Whether or not to report a sexual assault or sexualized violence to the police is a decision that many people who have experienced gender-based violence have to make.
There are many reasons why going to the police may not be or seem like an option for a survivor of gender-based violence –
- They may be criminalized due to their work, such as sex work, and fearful that reporting an assault may result in arrest or worse.
- They may have had oppressive experiences with police in the past and fear more of the same.
- They may be concerned about the police not believing them or concerned about police brutality.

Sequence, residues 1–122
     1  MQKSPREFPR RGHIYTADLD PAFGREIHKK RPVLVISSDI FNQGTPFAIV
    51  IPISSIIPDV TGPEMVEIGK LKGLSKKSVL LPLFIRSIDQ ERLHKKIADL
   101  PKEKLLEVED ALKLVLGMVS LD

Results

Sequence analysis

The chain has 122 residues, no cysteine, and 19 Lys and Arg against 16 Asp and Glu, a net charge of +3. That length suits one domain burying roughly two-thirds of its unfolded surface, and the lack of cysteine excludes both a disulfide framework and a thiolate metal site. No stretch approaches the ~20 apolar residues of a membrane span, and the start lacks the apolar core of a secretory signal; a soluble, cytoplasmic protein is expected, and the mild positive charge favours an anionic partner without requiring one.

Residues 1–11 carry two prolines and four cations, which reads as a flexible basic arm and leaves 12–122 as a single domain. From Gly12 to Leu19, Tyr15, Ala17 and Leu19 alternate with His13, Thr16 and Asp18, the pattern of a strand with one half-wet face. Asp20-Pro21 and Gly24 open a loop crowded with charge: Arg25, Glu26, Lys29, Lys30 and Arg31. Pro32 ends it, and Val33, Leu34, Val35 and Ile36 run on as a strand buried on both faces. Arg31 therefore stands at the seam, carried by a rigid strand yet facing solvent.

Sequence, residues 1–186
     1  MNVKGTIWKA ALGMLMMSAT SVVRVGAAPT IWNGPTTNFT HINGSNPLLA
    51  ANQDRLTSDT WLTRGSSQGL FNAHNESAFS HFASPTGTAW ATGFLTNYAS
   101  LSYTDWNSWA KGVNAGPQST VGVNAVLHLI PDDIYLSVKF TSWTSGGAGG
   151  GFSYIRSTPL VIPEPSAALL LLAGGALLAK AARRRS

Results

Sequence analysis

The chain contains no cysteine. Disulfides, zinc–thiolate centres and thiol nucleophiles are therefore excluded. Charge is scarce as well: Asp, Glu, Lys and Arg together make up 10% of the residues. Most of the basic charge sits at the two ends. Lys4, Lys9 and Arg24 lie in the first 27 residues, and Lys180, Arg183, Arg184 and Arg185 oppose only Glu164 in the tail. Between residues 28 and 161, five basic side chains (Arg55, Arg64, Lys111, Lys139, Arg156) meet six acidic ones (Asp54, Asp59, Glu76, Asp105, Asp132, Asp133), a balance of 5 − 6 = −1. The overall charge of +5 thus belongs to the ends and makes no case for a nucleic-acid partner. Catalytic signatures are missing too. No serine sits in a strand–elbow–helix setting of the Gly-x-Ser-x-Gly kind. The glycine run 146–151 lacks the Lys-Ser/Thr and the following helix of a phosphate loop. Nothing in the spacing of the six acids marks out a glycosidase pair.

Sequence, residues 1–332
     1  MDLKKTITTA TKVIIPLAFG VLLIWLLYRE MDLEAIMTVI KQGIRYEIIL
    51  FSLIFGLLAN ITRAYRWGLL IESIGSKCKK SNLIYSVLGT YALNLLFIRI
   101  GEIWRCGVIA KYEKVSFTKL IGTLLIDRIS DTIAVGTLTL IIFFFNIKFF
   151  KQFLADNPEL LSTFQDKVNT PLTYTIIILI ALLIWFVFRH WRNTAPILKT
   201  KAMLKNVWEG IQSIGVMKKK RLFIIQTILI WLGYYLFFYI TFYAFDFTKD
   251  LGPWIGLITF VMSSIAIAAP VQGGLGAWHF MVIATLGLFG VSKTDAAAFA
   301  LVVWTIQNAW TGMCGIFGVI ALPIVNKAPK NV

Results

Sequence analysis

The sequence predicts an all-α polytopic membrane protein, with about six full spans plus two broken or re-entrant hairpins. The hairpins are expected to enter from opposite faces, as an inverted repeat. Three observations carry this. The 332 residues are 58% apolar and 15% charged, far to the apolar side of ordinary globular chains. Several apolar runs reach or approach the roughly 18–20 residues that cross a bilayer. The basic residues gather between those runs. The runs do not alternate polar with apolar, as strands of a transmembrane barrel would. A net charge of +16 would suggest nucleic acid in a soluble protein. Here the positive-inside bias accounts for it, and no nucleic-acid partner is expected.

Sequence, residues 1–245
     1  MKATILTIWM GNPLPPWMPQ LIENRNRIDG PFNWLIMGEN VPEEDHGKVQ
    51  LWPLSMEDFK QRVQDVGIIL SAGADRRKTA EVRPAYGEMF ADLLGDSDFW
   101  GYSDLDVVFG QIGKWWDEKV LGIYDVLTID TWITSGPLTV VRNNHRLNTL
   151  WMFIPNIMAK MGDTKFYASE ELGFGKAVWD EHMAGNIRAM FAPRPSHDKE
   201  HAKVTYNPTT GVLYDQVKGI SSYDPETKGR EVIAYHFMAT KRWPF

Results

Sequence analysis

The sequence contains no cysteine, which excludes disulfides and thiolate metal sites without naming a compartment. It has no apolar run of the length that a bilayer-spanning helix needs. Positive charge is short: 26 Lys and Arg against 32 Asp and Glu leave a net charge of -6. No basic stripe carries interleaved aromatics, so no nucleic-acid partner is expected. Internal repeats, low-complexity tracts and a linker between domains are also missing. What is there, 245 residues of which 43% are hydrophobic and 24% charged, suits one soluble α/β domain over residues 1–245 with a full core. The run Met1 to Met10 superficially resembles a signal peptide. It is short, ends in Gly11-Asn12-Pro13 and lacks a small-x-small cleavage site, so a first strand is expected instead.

- They may feel that the legal system cannot offer justice to them.
- They may fear the heightened police presence as a result of a report, in their home, community or neighbourhood.
- They may know the person who caused them harm, and feel conflicted or unsure whether or not they want to report them to the police.
- They may fear that reporting a sexual assault could jeopardize their immigration status, or that a report may expose their undocumented status.
These fears are just and valid. There are people who can support a survivor who has concerns about reporting, advocates who can support survivors to seek out justice in ways that fits for them and work with them to consider different options and people who can support a survivor’s healing process. You can always access support services at AVP, whether you have reported an assault or not. Everyone has the right to heal.